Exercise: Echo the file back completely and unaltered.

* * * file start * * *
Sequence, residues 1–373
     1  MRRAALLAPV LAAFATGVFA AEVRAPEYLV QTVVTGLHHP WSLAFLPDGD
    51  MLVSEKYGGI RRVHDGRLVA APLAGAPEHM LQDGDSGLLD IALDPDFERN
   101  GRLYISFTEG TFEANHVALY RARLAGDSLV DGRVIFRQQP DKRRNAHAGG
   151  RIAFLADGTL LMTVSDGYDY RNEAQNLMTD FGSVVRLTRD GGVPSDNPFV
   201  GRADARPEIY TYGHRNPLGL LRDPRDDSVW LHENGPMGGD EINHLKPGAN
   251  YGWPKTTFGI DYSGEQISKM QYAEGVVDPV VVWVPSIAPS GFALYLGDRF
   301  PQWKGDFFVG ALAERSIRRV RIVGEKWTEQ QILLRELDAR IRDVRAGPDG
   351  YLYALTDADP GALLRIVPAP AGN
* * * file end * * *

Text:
Sequence, residues 1–373
     1  MRRAALLAPV LAAFATGVFA AEVRAPEYLV QTVVTGLHHP WSLAFLPDGD
    51  MLVSEKYGGI RRVHDGRLVA APLAGAPEHM LQDGDSGLLD IALDPDFERN
   101  GRLYISFTEG TFEANHVALY RARLAGDSLV DGRVIFRQQP DKRRNAHAGG
   151  RIAFLADGTL LMTVSDGYDY RNEAQNLMTD FGSVVRLTRD GGVPSDNPFV
   201  GRADARPEIY TYGHRNPLGL LRDPRDDSVW LHENGPMGGD EINHLKPGAN
   251  YGWPKTTFGI DYSGEQISKM QYAEGVVDPV VVWVPSIAPS GFALYLGDRF
   301  PQWKGDFFVG ALAERSIRRV RIVGEKWTEQ QILLRELDAR IRDVRAGPDG
   351  YLYALTDADP GALLRIVPAP AGN